The BookBrunch team reveal what's on their bedside tables
The Lives of Lucian Freud (William Feaver) is not the sort of book I would normally buy, since I have irrational aversions to A) any book larger than a house brick, B) any two-part biography. This book fails on both counts. However - and organisers of the Booker take note - at the Baillie Gifford awards dinner guests receive a randomly selected copy of one of the shortlisted books, and I walked away with Freud under my arm on Tuesday night. Too early to make a judgement, but just from the first few pages it is obvious the author knew Freud inside out, and if ever there was a subject crying out for a good biography, it is the rogue and genius painter. And this only covers the life to the age of 46, so Bloomsbury will be congratulating themselves on the prospect of a second volume.
The Gordon Burn Prize is one of the more interesting awards out there and, as a cornerstone of the Durham Book Festival, it is certainly one of the most enjoyable evenings in the literary calendar. This year's winner is For the Good Times (Faber) by David Keenan. It is about the Troubles in Northern Ireland in the Seventies, and the kids who "go rogue" and discover the intensity and seduction of power and risk. If you want to go in hard with a novel about these times, for me this is the recent one to read over Anna Burns' Milkman. As with many winners of this prize, and the late Gordon Burn's own work, it is hard-hitting and unforgiving in its directness, but has a humour that will keep you smiling as you grimace.
The modern novel to which I return even more often than I do to Kingsley Amis' The Old Devils is John Updike's Couples (Penguin). The two have something in common: Martin Amis described The Old Devils as his father's best novel, and Couples as Updike's worst. Yes, phrases such as "inner petals drenched in helpless nectar" (he's not talking about flowers) are not infrequent as Updike anatomises the sexual manoeuvrings of a group of New England adulterers in the early Sixties. But the novel brims with wit and precise, tender observation: like many great artists, Updike makes seductive and glamorous what he must also show to be - he is a religious writer - sinful. These couples are real to me.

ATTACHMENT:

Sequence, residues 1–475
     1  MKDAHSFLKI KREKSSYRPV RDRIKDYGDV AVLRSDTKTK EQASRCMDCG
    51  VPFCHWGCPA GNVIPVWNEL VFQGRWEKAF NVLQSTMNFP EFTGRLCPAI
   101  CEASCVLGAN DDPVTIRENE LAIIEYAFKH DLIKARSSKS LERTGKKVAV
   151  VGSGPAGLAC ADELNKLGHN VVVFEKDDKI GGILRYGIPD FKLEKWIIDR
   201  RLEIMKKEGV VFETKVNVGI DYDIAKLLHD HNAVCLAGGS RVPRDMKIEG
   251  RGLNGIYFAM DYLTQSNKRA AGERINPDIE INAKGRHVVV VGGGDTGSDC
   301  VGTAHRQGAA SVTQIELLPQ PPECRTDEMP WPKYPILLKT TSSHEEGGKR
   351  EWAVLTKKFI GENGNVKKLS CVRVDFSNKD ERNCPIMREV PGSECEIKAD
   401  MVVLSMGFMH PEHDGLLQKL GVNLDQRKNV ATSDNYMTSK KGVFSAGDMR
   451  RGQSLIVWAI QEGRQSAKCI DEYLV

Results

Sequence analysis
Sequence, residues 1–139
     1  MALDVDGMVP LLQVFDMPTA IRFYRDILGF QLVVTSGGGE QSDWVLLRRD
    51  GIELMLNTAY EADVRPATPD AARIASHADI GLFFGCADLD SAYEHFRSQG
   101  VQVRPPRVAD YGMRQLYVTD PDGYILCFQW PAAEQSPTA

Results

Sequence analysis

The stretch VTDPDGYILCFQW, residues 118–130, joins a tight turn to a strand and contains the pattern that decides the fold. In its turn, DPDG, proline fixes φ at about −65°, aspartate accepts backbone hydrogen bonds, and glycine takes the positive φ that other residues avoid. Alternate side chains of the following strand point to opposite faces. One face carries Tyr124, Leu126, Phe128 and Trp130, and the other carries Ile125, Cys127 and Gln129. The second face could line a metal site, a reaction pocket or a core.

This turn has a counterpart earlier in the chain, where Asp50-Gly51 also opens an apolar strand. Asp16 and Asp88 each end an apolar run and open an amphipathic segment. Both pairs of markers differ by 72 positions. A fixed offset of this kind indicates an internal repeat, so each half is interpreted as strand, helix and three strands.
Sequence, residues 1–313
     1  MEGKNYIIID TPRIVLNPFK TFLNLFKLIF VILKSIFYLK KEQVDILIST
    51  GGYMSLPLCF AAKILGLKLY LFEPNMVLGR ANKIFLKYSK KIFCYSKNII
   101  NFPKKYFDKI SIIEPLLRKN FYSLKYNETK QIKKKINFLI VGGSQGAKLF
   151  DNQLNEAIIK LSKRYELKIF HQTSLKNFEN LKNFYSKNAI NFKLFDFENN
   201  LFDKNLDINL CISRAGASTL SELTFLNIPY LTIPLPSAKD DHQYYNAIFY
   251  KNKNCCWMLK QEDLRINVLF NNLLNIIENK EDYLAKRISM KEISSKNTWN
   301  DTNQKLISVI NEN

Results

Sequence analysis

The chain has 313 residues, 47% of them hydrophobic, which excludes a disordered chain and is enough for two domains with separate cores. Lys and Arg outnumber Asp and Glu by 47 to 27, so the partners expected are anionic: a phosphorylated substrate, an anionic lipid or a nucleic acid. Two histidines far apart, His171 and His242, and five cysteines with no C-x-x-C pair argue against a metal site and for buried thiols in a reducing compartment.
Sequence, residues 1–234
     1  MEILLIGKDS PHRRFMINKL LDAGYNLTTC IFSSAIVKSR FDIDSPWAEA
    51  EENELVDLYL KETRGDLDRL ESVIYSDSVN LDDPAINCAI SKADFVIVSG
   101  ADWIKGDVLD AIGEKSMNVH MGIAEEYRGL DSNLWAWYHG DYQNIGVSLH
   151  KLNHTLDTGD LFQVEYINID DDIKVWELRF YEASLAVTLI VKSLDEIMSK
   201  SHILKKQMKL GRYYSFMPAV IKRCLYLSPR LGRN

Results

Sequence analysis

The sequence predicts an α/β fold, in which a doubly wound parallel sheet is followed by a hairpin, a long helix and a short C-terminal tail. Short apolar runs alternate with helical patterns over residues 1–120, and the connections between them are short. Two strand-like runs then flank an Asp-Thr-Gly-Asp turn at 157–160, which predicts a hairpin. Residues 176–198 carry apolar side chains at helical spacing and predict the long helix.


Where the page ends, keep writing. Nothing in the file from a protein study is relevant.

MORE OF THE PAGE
Fiction seems to have forgotten English football's lower rungs, where the high performance training grounds of the Premier League are replaced by school gyms, and packed stadiums give way to shed stands. It's here Ross Raisin's protagonist Tom Pearman, a once promising England youth player, is coming to terms with a new life at Town, a club languishing at the bottom of the table, and with his own sexuality. This is matched with the struggles of Leah Easter, the captain's wife, who realises her own dreams have been substituted for her husband's career. For me, the storytelling was too sparse: it felt like sitting in the gods at a stadium, away from the action. Raisin should be applauded for tackling sexuality in football, however, and A Natural will find loyal fans across the sports and LGBQT divide.
I am about 50 pages into An Ice-Cream War, William Boyd's second novel. Like most people, I loved Any Human Heart, and I also enjoyed Sweet Caress, and I want to love this book just as much; but so far, there isn't that immediate emotional connection. However, I'm not completely sure that there's supposed to be, and I'm looking forward to reading more. Boyd's writing is so darkly comic and so lush with perfectly chosen descriptions that I could enjoy pretty much anything by him.
Shortlisted for the Women's Prize for Fiction last year, The Mermaid and Mrs Hancock by Imogen Hermes Gowar was billed as being in the same vein as Golden Hill, one of my books of the century so far. When one of Mr Hancock's captains returns with a mermaid rather than a full cargo, Mr Hancock and his household are thrust into a new - and not entirely comfortable - milieux. Even though I'm not entirely convinced by our heroine's transformation from hardened harlot to witchy wife, this is a delicious romp through the stews of 18th-century London, with a touch of the supernatural.